The Feast Of Unleavened Bread
"And ye shall observe the Feast of Unleavened Bread; for in this selfsame day have I brought your armies out of the land of Egypt: therefore shall ye observe this day in your generations by an ordinance for ever. In the first month [see Bible Months], on the fourteenth day of the month at even, ye shall eat unleavened bread, until the one and twentieth day of the month at even. Seven days shall there be no leaven found in your houses: for whosoever eateth that which is leavened, even that soul shall be cut off from the congregation of Israel, whether he be a stranger, or born in the land. Ye shall eat nothing leavened; in all your habitations shall ye eat unleavened bread." (Exodus 12:17-20 KJV)
Why Unleavened Bread?
The Passover marks the beginning of the Days of Unleavened Bread. What was the purpose of the seven-day observance?
- "And Moses said unto the people, Remember this day, in which ye came out from Egypt, out of the house of bondage; for by strength of hand The Lord brought you out from this place: there shall no leavened bread be eaten." (Exodus 13:3 KJV)
- "Unleavened bread shall be eaten seven days; and there shall no leavened bread be seen with thee, neither shall there be leaven seen with thee in all thy quarters. And thou shalt show thy son in that day, saying, This is done because of that which The Lord did unto me when I came forth out of Egypt. And it shall be for a sign unto thee upon thine hand, and for a memorial between thine eyes, that The Lord's law may be in thy mouth: for with a strong hand hath The Lord brought thee out of Egypt. Thou shalt therefore keep this ordinance in his season from year to year." (Exodus 13:7-10 KJV)
- "Thou shalt eat no leavened bread with it; seven days shalt thou eat unleavened bread therewith, even the bread of affliction: for thou camest forth out of the land of Egypt in haste: that thou mayest remember the day when thou camest forth out of the land of Egypt all the days of thy life. And there shall be no leavened bread seen with thee in all thy coast seven days; neither shall there any thing of the flesh, which thou sacrificedst the first day at even, remain all night until the morning." (Deuteronomy 16:3-4 KJV)
What relevance do the Days of Unleavened Bread have to Christians? As stated in the above verses, the Feast of Unleavened bread memorialized Israel's deliverance from a life of slavery under Pharaoh after the slaying of the Passover lamb, but it also now represents the Christian (see Physical and Spiritual Israel and Daughter of Zion) deliverance from a life of sin under Satan after the slaying of Jesus Christ, the "Lamb of God."
- "Purge out therefore the old leaven, that ye may be a new lump, as ye are unleavened. For even Christ our Passover is sacrificed for us: Therefore let us keep the Feast, not with old leaven, neither with the leaven of malice and wickedness; but with the unleavened bread of sincerity and Truth." (1 Corinthians 5:7-8 KJV)
There was, and is, nothing wrong with eating things containing yeast at other times, but for the purpose of the Days of Unleavened Bread it was used as an symbol of sin. It was also sometimes used as a metaphor for sinful pride and hypocrisy:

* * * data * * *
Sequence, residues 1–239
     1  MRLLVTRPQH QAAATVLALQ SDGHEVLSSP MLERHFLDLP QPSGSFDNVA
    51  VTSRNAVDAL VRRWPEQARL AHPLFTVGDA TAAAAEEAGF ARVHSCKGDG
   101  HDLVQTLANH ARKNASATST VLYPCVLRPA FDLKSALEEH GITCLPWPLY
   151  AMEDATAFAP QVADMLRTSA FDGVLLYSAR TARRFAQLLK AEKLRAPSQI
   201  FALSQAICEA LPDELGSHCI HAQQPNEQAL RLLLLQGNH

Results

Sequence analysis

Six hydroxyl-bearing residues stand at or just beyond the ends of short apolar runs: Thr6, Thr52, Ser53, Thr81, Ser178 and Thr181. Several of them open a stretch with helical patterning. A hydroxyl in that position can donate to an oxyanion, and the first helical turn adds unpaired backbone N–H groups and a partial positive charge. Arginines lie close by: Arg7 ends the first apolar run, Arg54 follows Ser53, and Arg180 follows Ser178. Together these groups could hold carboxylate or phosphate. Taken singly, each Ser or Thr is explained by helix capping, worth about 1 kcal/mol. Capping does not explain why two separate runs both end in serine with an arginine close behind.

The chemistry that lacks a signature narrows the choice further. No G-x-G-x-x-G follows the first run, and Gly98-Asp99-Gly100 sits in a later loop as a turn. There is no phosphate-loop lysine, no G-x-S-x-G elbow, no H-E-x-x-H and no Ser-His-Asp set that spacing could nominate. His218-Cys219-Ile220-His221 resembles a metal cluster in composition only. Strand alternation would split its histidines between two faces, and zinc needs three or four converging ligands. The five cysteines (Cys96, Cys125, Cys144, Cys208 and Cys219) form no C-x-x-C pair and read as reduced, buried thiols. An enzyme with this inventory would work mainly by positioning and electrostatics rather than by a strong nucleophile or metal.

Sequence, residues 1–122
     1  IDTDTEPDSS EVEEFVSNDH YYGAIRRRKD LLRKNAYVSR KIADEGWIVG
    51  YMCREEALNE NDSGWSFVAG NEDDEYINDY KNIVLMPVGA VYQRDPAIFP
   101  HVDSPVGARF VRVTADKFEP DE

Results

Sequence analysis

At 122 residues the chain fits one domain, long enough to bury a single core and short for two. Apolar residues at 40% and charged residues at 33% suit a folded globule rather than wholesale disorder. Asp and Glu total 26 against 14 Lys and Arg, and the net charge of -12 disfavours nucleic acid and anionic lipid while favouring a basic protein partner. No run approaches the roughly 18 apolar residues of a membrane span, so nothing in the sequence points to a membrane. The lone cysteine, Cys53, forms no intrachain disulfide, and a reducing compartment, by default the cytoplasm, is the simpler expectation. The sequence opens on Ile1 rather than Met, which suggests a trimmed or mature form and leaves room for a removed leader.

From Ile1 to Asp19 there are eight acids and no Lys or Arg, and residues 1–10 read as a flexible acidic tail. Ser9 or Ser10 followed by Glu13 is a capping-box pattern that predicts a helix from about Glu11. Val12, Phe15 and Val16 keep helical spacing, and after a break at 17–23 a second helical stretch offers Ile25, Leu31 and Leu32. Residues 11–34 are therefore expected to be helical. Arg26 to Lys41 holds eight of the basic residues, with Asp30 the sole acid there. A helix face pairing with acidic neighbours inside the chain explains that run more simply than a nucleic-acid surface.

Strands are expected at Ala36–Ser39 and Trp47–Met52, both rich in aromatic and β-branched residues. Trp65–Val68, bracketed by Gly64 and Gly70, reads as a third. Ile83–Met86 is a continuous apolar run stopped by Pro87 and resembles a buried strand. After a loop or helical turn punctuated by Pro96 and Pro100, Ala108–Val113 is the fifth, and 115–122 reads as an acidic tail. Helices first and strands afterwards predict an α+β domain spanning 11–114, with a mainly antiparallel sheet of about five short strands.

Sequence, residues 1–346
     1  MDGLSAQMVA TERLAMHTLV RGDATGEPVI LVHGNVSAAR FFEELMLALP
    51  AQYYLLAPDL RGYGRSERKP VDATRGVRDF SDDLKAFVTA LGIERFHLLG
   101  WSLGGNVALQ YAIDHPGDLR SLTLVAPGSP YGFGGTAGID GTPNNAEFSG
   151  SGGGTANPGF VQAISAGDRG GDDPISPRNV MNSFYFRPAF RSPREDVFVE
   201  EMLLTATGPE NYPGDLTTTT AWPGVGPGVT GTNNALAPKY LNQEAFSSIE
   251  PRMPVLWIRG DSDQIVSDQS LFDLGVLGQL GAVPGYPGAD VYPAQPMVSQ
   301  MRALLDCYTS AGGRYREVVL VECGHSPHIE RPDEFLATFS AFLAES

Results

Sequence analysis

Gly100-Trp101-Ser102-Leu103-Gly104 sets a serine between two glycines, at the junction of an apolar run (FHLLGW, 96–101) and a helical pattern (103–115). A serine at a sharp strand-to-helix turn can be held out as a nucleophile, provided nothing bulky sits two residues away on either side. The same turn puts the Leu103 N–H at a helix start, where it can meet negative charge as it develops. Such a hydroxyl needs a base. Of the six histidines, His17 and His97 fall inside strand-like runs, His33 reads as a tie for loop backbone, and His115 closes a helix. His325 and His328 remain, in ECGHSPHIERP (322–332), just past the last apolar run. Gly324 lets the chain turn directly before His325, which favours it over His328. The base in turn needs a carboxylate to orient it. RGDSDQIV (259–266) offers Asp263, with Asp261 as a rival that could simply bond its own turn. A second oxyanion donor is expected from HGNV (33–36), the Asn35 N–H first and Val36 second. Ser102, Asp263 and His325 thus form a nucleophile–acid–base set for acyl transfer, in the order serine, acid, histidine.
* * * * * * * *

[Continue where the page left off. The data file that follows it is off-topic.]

- "How is it that ye do not understand that I spake it not to you concerning bread, that ye should beware of the leaven of the Pharisees and of the Sadducees? Then understood they how that he bade them not beware of the leaven of bread, but of the doctrine of the Pharisees and of the Sadducees." (Matthew 16:11-12 KJV)
God does nothing in vain. All of the Old Testament observances have Christian applications - that was their entire purpose, to preview what was to come in due time.
The Dual Meaning Of The God-Commanded Biblical Holy Days
The spring (from Jerusalem's perspective, in the northern hemisphere) Holy Days symbolize the events related to the First Coming of Jesus Christ:
- Passover - The Sacrifice of Jesus Christ to pay for the sins of all humanity. (Exodus 12:13, John 1:29) (see Passover and The Lamb Of God)
- The Days of Unleavened Bread - the removal of sin from the lives of
converted, repentant people. (Exodus 12:15, 1 Corinthians 5:7-8)
- Pentecost - the "first fruits" harvest, the coming of God's Holy Spirit upon
conversion. (Leviticus 23:16-17, Acts 2:1-4) (see Pentecost and Seasons Of The Harvest)
The autumn (from Jerusalem's perspective, in the northern hemisphere) Holy Days symbolize the events related to the Second Coming of Jesus Christ:
- The Feast of Trumpets - The Return of Jesus Christ. (Leviticus 23:23-25,
Matthew 24:30-31) (see The Feast Of Trumpets and The Return Of Jesus Christ)
- The Day of Atonement - the judgment and sentencing of Satan after his removal as "the god of this world." (Leviticus 23:26-32, Revelation 20:10) (see The Day Of Atonement and Who Still Rules The World Today?)
- The Feast of Tabernacles - the first 1,000 years after The Return of Christ. (Leviticus 23:33-36,
Revelation 20:2-4) (see Tabernacles and Ingathering and Scenes From The Millennium)
- The Eighth, or Last, Day - The "Great Day" Of Tabernacles picturing the
later physical resurrection of the vast majority of humanity who were not resurrected to spirit at the Return of Jesus Christ. (Leviticus 23:39, Revelation
20:5,11-15) (see "Your Brother Was Dead, And Is Alive", What Happens When You Die? and When Will You Be Judged?)
Fact Finder: Did the early Christian church continue to observe the Feast of Unleavened Bread?
Acts 20:6 and 1 Corinthians 5:7-8